Wednesday, January 17, 2007

Tribes and towns

Due to the wonders of technology I am actually able to write this direct from the Churchill Archive in Cambridge, where I am working today.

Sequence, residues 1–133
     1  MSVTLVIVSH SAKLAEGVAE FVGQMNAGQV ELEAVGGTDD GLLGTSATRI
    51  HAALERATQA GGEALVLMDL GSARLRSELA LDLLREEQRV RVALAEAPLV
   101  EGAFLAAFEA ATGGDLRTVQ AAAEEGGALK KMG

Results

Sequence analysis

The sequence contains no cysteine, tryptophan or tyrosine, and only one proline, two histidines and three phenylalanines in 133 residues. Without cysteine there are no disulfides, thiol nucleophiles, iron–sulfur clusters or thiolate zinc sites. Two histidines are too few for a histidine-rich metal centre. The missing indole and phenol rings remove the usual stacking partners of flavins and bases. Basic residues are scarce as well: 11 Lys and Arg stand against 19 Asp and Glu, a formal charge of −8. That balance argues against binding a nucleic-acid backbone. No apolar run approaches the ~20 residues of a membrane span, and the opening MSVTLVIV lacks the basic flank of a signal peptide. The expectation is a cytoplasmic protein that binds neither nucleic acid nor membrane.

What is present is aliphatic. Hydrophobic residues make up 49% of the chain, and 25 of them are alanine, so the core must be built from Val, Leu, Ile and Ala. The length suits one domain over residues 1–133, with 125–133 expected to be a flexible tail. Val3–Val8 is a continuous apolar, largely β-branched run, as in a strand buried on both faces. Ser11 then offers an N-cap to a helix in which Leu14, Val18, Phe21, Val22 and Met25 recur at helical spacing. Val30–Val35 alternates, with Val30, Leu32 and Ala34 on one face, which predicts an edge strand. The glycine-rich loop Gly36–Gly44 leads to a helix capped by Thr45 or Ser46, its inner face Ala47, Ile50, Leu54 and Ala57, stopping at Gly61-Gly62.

Following the revolt in Iraq in 1920, Sir Percy Cox, a popular British officer who had been the chief political officer in Baghdad during the First World War, was brought back to serve as High Commissioner. Coccus, as he was known to the Iraqis, was clearly the linchpin. As one of his colleagues wrote: "the whole apparatus of administration is held together simply by Sir Percy’s personality." The official went on to have a dig at Lawrence, whom, he said thought that it would be possible to unite the tribesmen and the towns. "The former are terrified of an Arab Government as we understand it (the Euphrates tribes hoped for universal lawlessness), and they accept it only because of Sir Percy." Lawrence denied this: "tribes and towns are irreconcilable" he wrote in the margin of the report, pointing to one essential fautline in the Iraqi state today. (Ref: CHAR 17/2/100)

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